There wasn't a sales pitch.
When Elie Wiesel met Bernard Madoff over dinner about 20 years ago, the topic of money never came up. They talked about history, education and Jewish philosophy, and the then-revered money manager urged Wiesel to leave his teaching post at Boston University and join a New York college.
Madoff "made a very good impression," Wiesel recalled Thursday. "We spoke about education. ... Not the economy."
The Nobel Peace prize winner and Nazi death camp survivor joined a legion of well-known Madoff clients by investing millions of dollars from his charitable foundation - and his own money as well - with the charming financier.
At a panel discussion in Manhattan, Wiesel recounted how he lost it all in perhaps the largest Ponzi scheme in history, providing a glimpse into how Madoff wooed one of his most prominent victims.
Wiesel, 80, was alternately disdainful and bemused, calling Madoff "a crook, a thief, a scoundrel" and chuckling as he recalled taking up one of his favorite subjects with Madoff: ethics.
"Yes, ethics," he said.
Asked by moderator Joanne Lipman, editor of Conde Nast's Portfolio magazine, how Madoff got the trust of "so many established and intelligent people," Wiesel admitted he bought into the Madoff mystique.
With Madoff, there "was a myth that he created around him that everything was so special, so unique, that it had to be secret," he said.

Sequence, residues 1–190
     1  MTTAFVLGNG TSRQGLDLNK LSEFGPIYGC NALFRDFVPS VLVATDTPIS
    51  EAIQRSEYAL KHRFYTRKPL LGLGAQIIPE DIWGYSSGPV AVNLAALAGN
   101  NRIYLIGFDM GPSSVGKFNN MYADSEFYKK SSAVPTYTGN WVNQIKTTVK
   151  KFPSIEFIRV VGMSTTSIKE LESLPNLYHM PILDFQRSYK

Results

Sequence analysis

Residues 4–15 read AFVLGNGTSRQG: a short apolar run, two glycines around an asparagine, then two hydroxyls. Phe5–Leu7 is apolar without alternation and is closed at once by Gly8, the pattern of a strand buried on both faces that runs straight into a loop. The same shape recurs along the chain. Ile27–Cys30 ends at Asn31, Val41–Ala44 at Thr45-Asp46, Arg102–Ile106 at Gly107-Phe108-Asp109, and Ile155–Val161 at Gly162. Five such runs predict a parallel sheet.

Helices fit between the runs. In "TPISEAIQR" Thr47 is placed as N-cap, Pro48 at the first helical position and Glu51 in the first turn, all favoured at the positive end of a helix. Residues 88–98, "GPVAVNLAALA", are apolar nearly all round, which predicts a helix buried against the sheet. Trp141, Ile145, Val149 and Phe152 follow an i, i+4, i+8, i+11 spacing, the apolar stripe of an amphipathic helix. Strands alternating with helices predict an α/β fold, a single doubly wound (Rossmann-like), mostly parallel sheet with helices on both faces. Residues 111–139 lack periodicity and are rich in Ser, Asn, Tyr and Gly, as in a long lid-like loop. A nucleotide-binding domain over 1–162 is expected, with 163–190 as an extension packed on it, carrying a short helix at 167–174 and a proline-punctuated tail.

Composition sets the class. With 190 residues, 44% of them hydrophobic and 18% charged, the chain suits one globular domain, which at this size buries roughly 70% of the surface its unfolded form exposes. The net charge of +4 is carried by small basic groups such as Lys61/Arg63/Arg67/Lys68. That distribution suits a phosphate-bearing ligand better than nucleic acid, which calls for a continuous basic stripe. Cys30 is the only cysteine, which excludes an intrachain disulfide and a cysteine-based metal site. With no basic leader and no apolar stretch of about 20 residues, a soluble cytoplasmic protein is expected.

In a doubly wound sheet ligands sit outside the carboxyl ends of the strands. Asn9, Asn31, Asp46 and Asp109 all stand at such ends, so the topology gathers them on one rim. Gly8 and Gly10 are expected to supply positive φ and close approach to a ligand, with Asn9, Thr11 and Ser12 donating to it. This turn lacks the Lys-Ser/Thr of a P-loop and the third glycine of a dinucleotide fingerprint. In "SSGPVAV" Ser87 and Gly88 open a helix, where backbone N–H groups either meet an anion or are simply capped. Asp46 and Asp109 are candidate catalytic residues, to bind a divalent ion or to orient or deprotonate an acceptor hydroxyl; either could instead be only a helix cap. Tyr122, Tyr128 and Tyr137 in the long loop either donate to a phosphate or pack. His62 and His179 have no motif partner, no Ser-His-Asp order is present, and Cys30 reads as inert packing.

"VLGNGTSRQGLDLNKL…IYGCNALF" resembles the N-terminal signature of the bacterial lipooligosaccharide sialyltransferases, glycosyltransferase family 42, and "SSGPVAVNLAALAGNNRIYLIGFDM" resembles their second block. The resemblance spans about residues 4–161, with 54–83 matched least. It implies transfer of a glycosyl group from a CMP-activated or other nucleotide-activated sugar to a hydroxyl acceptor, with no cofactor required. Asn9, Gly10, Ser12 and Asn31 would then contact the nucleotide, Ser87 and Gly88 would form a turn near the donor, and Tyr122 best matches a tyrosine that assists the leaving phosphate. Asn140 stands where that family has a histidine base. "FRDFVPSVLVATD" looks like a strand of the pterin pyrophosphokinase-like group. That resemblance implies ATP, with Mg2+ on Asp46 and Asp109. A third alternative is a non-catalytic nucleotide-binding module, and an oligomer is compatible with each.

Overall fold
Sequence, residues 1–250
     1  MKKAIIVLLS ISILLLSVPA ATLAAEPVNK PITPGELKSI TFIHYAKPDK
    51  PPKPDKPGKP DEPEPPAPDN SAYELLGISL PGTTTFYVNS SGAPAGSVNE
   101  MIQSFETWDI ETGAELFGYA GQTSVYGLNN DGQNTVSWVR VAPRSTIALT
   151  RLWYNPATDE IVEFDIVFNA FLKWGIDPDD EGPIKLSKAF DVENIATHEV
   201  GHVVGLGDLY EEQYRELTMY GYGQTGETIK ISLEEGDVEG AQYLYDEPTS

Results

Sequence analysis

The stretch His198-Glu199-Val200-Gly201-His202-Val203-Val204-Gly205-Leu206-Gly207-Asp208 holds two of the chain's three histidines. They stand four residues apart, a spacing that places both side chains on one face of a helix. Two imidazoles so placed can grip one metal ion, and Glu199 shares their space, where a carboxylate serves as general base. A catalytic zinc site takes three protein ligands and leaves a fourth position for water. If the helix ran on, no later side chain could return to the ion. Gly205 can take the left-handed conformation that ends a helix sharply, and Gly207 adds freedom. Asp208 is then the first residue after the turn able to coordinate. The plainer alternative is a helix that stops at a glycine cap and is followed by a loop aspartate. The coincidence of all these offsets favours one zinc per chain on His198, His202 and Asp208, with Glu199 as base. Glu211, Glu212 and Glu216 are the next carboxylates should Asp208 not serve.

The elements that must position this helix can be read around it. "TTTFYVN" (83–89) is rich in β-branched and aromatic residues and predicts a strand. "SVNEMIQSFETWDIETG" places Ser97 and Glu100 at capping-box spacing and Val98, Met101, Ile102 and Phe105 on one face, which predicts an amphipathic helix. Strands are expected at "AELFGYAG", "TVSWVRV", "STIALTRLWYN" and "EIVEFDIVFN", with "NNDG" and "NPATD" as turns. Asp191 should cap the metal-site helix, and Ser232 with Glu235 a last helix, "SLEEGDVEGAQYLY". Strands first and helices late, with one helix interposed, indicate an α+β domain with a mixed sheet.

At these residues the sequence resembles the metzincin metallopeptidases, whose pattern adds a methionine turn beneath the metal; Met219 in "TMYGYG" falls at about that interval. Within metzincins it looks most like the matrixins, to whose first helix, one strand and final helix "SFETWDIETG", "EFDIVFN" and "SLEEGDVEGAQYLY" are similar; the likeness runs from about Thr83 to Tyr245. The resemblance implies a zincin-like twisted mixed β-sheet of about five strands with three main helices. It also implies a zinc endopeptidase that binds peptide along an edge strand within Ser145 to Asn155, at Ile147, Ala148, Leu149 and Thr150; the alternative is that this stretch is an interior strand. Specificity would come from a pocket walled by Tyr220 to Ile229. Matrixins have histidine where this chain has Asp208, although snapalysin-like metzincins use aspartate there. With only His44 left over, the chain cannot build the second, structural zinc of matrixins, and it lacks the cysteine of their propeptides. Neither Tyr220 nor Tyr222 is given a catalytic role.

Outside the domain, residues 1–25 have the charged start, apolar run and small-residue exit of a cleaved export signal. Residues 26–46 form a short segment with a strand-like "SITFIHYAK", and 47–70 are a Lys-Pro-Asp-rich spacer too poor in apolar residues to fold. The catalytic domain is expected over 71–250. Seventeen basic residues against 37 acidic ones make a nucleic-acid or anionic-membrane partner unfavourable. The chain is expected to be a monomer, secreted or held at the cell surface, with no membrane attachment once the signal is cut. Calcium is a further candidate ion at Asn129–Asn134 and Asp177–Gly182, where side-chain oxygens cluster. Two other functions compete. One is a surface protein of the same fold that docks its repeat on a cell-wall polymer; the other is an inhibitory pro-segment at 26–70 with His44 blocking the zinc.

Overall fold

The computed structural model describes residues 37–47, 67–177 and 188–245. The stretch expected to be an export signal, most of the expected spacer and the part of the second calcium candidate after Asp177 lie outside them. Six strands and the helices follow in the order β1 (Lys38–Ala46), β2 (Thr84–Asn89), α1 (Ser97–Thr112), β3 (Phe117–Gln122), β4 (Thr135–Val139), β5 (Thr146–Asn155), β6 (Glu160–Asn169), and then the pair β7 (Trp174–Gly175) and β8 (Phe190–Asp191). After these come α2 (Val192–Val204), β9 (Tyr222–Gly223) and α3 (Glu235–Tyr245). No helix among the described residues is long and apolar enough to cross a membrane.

One wealthy friend who was a "very, very close friend of Madoff" encouraged him to invest. "Years ago he came to us and said, 'You work so hard, what are you doing with your money?"' he said.
At first, Wiesel and his wife only put in personal funds.
But "because we did so well, we said, come on, we have so many projects," he said. "Everybody told us in the field of finances, you can do much more ... because of Mr. Madoff, the savior."
Over the years, he and his wife received monthly statements showing Madoff had made stock trades. Investigators now believe no securities were ever bought or sold.
Wiesel said he ended up losing $15.2 million in foundation funds, plus his family's investment.
"It was a personal tragedy for me and my wife," he said. "Everything was gone."
Looking back, he suspects he was being scammed from the moment he met Madoff.
"Was he already a crook? Probably," he said.
As for a fit punishment?
"I would like him to be in a solitary cell with a screen," Wiesel said. "And on that on that screen for at least five years of his life, every day and every night, there should be pictures of his victims, one, after the other, after the other."